You know how people say there’s some truth to every joke? Well, a few weeks ago the communications director at IOCDF mentioned that the president of the foundation’s Twin Cities chapter had moved, making it difficult to head up an affiliate in the city she didn’t even live in anymore.
I wrote, “Maybe I should take over. ;)” When I wrote that, I was actually being serious. But what if she thought it was a bad idea? So, there we go, add the winky face and hit “send.”
Then a couple weeks ago she called and said, “I know you were maybe joking when you said you’d take over, but we’re wondering if you’d actually like to.”
Fun! Yes! I do want to lead OCD Twin Cities. I want to keep spreading awareness in everything I do, and what a great platform to do it. The transition isn’t official yet; I’ll get advice from the current president and we’ll do a sort of baton passing in the coming months.
I am so excited. Jackie Lea Sommers, an incredible blogger and OCD advocate, will be the communications director, and we’ll work together closely.
Locals, stay tuned!
Several years ago, when I first started to suspect I might have OCD, I visited the International OCD Foundation (IOCDF) site—a lot. I would check my symptoms against their list of common obsessions and compulsions, wondering over and over (and over) whether I might have OCD. Whether I could be helped.
At that time, IOCDF had just recruited their very first spokesperson, an 18-year-old with OCD named Elizabeth McIngvale. Each time I landed on the IOCDF home page I saw her face and her encouraging words, and I felt a little better, a little braver. Elizabeth was diagnosed with OCD at age 13, and her parents were told her symptoms were untreatable. Can you imagine how hopeless they must have felt? The day I met my psychiatrist he told me he could do a lot for me, and knowing that gave me the strength to try to improve.
But Elizabeth pushed on against all odds. She is a successful young woman, the founder of the Peace of Mind Foundation and the OCD Challenge. That’s why I knew I had to ask her to write the foreword to my book, even if it was a long shot—she’s very busy, after all! To my delight, she said yes, and I’m so looking forward to treating all of my readers to her encouraging words before delving into the heart of the book—which will likely be a different section or chapter for each individual.
Just one more month until publication! I really can’t wait to share my story, as well as the stories of several young people with OCD, who share something in common with Elizabeth: They’ve refused to give up and give in to OCD. I hope you’re as inspired by them as I have been.
I have a book reading coming up in October (more details to come!), and as my three-year-old nephew would say, I’m super-duper nervous about it. A friend suggested that I practice on my dogs first.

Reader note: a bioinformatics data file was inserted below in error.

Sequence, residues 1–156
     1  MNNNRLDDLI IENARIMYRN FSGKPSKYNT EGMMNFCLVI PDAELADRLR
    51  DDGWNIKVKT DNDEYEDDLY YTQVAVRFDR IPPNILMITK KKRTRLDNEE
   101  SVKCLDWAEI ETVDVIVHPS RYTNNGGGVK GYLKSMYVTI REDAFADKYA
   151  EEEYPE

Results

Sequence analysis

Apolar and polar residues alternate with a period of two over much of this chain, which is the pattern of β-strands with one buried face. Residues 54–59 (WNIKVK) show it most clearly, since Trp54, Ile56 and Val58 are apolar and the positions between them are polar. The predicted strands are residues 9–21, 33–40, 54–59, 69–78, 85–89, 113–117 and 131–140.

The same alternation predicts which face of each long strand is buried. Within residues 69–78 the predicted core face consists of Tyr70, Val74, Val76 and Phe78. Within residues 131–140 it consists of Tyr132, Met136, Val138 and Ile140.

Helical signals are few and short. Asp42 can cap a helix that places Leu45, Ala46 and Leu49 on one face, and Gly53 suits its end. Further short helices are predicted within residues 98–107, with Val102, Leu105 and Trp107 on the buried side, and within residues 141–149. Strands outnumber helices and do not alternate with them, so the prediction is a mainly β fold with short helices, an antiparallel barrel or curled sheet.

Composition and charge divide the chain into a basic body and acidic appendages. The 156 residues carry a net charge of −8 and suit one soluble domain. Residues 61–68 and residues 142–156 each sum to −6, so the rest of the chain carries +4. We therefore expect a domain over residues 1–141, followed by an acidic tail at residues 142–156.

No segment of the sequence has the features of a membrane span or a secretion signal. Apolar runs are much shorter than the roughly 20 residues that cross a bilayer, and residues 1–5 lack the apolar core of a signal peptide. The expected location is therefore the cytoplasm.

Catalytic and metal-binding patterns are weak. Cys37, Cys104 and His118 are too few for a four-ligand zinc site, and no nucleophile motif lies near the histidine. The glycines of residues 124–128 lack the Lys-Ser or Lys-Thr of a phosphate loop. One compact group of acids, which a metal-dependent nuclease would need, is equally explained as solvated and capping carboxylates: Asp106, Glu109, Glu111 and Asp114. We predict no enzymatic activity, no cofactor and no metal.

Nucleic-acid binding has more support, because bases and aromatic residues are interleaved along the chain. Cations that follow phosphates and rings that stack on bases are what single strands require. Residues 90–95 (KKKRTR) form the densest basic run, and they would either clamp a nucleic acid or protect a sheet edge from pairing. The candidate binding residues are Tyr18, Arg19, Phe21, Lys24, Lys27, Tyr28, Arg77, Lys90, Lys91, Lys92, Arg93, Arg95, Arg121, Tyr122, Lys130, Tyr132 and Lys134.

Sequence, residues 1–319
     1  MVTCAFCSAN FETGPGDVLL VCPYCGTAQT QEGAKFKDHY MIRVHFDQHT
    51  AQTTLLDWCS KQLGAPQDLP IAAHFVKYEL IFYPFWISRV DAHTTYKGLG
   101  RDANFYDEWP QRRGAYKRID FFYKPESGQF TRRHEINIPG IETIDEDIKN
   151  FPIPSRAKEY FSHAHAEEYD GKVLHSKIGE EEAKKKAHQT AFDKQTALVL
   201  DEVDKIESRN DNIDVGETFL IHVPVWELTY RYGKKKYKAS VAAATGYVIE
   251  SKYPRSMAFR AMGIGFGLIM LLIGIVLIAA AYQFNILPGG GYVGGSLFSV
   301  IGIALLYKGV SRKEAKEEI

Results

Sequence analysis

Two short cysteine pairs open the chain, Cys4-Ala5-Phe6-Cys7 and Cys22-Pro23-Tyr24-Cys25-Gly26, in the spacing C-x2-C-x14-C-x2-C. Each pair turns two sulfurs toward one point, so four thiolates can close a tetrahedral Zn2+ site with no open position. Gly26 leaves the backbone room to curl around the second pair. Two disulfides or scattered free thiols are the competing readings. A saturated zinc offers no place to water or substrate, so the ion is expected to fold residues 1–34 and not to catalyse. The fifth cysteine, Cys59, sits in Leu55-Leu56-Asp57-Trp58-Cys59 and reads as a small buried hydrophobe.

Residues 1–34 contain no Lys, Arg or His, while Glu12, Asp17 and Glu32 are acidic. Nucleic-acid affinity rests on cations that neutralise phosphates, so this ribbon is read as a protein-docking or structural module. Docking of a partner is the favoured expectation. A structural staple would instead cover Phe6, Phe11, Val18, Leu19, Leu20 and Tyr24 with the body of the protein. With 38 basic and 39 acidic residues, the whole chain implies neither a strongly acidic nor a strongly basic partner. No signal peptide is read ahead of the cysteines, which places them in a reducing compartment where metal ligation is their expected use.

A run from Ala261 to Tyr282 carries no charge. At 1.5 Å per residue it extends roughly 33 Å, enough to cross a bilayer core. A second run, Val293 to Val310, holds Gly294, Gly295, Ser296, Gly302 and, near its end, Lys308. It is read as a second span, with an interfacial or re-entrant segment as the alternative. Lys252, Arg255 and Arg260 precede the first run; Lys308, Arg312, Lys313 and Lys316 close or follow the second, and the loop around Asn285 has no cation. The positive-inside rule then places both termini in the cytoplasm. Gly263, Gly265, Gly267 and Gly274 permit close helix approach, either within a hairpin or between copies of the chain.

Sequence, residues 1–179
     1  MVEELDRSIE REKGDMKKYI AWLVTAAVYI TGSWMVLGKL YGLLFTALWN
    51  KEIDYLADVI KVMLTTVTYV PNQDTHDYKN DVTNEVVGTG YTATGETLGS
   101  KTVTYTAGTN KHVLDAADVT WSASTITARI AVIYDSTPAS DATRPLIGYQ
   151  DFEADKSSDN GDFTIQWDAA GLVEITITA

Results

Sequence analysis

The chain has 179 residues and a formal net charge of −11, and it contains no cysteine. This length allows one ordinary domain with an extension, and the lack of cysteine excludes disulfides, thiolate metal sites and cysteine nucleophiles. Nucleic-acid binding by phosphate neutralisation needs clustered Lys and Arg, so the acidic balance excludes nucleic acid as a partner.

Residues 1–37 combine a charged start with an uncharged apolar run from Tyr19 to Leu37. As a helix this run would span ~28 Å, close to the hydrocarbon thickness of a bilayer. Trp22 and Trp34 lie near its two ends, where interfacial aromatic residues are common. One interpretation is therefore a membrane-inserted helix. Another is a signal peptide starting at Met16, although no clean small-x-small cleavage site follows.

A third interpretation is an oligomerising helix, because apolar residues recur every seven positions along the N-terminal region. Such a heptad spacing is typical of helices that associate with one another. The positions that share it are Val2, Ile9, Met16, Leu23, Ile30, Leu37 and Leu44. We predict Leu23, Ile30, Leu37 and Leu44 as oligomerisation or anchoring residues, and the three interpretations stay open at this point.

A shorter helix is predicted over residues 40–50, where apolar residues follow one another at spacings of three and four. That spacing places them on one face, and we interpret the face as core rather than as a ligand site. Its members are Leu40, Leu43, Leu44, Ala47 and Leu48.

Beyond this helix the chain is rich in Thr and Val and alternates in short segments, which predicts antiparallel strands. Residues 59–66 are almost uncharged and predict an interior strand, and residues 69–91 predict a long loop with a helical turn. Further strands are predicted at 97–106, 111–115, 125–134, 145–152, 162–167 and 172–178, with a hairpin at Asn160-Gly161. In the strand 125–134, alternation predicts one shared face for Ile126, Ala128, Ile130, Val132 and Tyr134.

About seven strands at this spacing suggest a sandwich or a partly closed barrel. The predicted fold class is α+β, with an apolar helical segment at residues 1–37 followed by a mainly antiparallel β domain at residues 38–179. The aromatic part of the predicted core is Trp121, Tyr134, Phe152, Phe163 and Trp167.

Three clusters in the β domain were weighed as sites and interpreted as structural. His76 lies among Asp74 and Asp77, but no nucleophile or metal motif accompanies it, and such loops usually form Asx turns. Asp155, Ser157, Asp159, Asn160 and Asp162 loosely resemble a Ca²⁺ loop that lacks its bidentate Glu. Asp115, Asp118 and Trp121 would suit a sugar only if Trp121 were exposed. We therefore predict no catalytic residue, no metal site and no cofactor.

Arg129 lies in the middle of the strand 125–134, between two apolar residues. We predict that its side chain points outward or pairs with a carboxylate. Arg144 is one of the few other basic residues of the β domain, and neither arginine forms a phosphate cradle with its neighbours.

This was their response. I guess I need to practice more.
Having OCD isn’t exactly a treat. But since I was diagnosed several years ago, I’ve been consistently impressed with the OCD community. Whether it’s another person with OCD, a psychiatrist who specializes in OCD, an author, or OCD support groups, I’ve found one thing in common: an unwavering willingness to help.
I’ve known this for a while, but it was solidified when I started to write my book. Every time I reached out to someone, whether it was for permission to re-create a chart they’d published, for help finding young people who would contribute essays to my book, for a review, or even to write the foreword to my book (Elizabeth McIngvale!), I was met with enthusiasm and thoughtful responses.
When I included a note in a small donation I made to the International OCD Foundation (the most I could manage at the time), the foundation wrote back. In a handwritten note. I was surprised, and grateful, and touched. This was no ordinary nonprofit, that was clear.
Over time I’ve become more and more ingrained in the OCD community myself (of course I’ve been a member since I was diagnosed). Although it can be difficult at times, especially when I chat with someone who can’t yet see the light at the end of the tunnel, I love being purposeful about my role. I can give back and be selfless about my commitment—something I’ve learned firsthand from my predecessors and peers.
I’ve been writing about OCD a lot lately. And I’ve been mentioning it to a lot of people, because when I mention I have a book coming out their first question is “What’s it about?” But I’m not sure I’ve ever actually sat down with another person who not only has OCD but is doing as well with it as I am.
Earlier this week that changed. I met a fellow OCD blogger for coffee, and it was like being on a first date with someone you have a ton in common with, the kind of meeting that goes by so quickly you don’t realize what time it is and you’re not done talking.
I’ve gotten so used to telling other people about OCD, explaining what it’s like, and here I was, just talking about it with someone who already understood, firsthand. Someone who’d had many of the same obsessions I’d had, someone who’d gone through life for decades without understanding what was wrong, and someone who’d pretty much beat the disorder into submission. We kept enthusiastically agreeing with each other, exclaiming “Yes!” when one of us said something that really hit the nail on the head.
I highly recommend talking with another person with OCD. I know it’s not always easy to find others who have OCD, and when you do they may have totally different symptoms and be at a different stage than you are. But even if you can’t meet in person, try to chat with someone. There are online support groups, phone numbers you can call, and local events. Check out the list offered on the IOCDF website to get started.